Author Topic: BIOGRAPHIES!  (Read 11828 times)

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Offline JASON

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BIOGRAPHIES!
« on: December 13, 2003, 20:41:07 PM »
A NEW THREAD FOR YOU!
DO YOU WANT TO KNOW ABOUT YOUR FAVOURITE ARTIST OR ARE YOU JUST INTERESTED IN THEM FAMOUS BANDS THAT MADE POP MUSIC GREAT?
I AM GOING TO START WITH ONE OF THE BANDS THAT MADE POP MUSIC ENTERTAINING,AND A BAND THAT YOU DANCE TO AT DISCO'S

HAPPY READING

Offline JASON

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Re: BIOGRAPHIES!
« Reply #1 on: December 13, 2003, 20:51:53 PM »
ABBA

The most commercially successful pop group of the 1970s, the origins of the Swedish superstars ABBA dated back to 1966, when keyboardist and vocalist Benny Andersson, a onetime member of the popular beat outfit the Hep Stars, first teamed with guitarist and vocalist Bjorn Ulvaeus, the leader of the folk-rock unit the Hootenanny Singers. The two performers began composing songs together and handling session and production work for Polar Music/Union Songs, a publishing company owned by Stig Anderson, himself a prolific songwriter throughout the 1950s and 1960s. At the same time, both Andersson and Ulvaeus worked on projects with their respective girlfriends: Ulvaeus had become involved with vocalist Agnetha Faltskog, a performer with a recent Number One Swedish hit, "I Was So in Love," under her belt, while Andersson began seeing Anni-Frid Lyngstad, a onetime jazz singer who rose to fame by winning a national talent contest.
In 1971, Faltskog ventured into theatrical work, accepting the role of Mary Magdalene in a production of Andrew Lloyd Webber's Jesus Christ Superstar; her cover of the musical's "Don't Know How to Love Him" became a significant hit. The following year, the duo of Andersson and Ulvaeus scored a massive international hit with "People Need Love," which featured Faltskog and Lyngstad on backing vocals. The record's success earned them an invitation to enter the Swedish leg of the 1973 Eurovision song contest, where, under the unwieldy name of Bjorn, Benny, Agnetha & Frida, they submitted "Ring Ring," which proved extremely popular with audiences but placed only third in the judges' ballots.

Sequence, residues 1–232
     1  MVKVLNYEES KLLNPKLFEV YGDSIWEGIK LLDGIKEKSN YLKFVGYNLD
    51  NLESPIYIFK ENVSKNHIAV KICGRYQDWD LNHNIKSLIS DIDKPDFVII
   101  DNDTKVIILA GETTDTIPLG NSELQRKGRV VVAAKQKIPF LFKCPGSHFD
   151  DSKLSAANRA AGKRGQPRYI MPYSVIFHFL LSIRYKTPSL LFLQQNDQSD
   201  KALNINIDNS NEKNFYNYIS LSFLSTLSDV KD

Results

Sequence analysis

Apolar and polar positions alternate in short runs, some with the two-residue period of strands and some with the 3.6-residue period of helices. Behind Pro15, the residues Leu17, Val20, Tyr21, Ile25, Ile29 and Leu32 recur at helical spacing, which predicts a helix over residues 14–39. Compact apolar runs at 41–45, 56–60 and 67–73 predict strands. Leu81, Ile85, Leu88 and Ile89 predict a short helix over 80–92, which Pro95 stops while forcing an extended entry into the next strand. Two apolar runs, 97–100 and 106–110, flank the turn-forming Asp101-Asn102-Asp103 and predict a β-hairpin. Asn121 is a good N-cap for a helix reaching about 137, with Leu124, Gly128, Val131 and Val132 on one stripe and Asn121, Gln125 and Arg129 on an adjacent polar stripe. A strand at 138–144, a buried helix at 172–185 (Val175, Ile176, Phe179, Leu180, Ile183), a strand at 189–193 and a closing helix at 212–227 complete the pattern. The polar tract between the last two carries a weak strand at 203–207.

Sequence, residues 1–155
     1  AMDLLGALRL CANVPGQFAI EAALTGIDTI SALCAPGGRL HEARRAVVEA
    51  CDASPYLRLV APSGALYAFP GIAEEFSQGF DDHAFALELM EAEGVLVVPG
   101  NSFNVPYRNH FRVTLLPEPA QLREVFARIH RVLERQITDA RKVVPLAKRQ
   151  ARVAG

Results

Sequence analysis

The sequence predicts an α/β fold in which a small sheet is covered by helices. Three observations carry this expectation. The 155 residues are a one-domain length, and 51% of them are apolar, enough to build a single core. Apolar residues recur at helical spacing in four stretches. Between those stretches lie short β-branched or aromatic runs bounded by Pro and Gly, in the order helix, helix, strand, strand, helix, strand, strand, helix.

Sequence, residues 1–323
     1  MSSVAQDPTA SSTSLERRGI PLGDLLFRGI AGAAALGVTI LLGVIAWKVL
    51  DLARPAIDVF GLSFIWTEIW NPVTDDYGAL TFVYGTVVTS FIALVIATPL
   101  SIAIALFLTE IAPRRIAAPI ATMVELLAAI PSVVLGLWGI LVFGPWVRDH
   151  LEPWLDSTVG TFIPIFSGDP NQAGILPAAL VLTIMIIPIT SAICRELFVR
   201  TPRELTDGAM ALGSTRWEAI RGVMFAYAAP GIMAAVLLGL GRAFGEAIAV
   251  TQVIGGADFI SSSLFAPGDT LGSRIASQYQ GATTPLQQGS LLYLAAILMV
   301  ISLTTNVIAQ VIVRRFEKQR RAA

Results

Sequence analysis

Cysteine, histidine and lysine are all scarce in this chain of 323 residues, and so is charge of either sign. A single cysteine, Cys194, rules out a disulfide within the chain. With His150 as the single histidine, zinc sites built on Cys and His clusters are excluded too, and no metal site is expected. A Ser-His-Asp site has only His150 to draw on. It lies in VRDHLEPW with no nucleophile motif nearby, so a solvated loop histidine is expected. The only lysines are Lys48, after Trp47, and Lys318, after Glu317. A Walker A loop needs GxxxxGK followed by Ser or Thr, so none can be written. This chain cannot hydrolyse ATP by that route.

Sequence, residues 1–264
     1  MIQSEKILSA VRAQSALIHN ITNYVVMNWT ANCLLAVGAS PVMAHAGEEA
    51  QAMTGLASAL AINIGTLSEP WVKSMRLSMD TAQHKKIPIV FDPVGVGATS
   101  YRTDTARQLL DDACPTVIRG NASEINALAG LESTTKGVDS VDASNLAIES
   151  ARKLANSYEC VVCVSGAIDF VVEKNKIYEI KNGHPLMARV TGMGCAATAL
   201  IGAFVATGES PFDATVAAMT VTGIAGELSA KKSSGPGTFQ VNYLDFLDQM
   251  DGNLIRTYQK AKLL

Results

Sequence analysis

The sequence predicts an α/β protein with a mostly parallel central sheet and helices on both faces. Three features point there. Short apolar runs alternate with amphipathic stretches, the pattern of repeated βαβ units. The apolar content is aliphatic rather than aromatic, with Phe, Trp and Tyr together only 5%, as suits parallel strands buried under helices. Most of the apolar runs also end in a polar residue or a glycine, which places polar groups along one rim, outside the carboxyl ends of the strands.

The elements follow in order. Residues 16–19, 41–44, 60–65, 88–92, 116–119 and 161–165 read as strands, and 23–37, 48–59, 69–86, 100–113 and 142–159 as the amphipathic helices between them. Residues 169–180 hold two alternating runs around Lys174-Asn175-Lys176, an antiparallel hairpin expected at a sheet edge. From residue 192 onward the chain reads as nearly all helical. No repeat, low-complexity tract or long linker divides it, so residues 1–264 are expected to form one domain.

The next year, rechristened ABBA (a suggestion from Stig Anderson and an acronym of the members' first names), the quartet submitted the single "Waterloo," and became the first Swedish act to win the Eurovision competition. The record proved to be the first of many international hits, although the group hit a slump after their initial success as subsequent singles failed to chart. In 1975, however, ABBA issued "S.O.S.," a smash not only in America and Britain but also in non-English speaking countries such as Spain, Germany and the Benelux nations, where the group's success was fairly unprecedented. A string of hits followed, including "Mamma Mia," "Fernando," and "Dancing Queen" (ABBA's sole U.S. chart-topper), further honing their lush, buoyant sound; by the spring of 1976, they were already in position to issue their first Greatest Hits collection.

ABBA's popularity continued in 1977, when both "Knowing Me, Knowing You" and "The Name of the Game" dominated airwaves. The group also starred in the feaure film ABBA—The Movie, which was released in 1978. That year Andersson and Lyngstad married, as had Ulvaeus and Faltskog in 1971, although the latter couple separated a few months later; in fact, romantic suffering was the subject of many songs on the quartet's next LP, 1979's Voulez-Vous. Shortly after the release of 1980's Super Trouper, Andersson and Lyngstad divorced as well, further straining the group dynamic; The Visitors, issued the following year, was the final LP of new ABBA material, and the foursome officially disbanded after the December 1982 release of their single "Under Attack."